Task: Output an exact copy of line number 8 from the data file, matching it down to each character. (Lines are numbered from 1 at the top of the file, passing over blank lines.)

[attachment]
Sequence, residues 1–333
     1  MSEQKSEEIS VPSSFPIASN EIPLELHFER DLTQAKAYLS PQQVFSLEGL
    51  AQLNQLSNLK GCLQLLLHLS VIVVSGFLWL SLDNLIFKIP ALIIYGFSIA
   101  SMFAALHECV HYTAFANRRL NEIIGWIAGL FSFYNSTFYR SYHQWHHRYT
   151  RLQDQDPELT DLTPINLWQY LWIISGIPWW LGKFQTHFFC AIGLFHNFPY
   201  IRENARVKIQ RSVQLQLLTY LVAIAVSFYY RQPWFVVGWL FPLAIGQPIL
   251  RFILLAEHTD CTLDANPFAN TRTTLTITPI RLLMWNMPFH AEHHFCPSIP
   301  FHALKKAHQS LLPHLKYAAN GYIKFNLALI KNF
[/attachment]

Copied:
   301  FHALKKAHQS LLPHLKYAAN GYIKFNLALI KNF